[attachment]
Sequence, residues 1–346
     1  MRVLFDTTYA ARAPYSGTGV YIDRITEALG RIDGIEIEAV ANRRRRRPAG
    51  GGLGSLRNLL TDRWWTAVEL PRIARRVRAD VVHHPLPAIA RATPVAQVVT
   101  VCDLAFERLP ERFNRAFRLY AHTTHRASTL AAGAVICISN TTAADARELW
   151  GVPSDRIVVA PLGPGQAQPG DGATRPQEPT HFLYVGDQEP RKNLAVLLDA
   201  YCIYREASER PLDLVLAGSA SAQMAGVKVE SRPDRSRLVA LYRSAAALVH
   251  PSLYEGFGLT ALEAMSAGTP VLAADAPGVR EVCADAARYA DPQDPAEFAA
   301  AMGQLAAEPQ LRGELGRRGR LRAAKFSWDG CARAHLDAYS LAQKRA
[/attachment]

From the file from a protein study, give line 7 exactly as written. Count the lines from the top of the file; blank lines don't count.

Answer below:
   251  PSLYEGFGLT ALEAMSAGTP VLAADAPGVR EVCADAARYA DPQDPAEFAA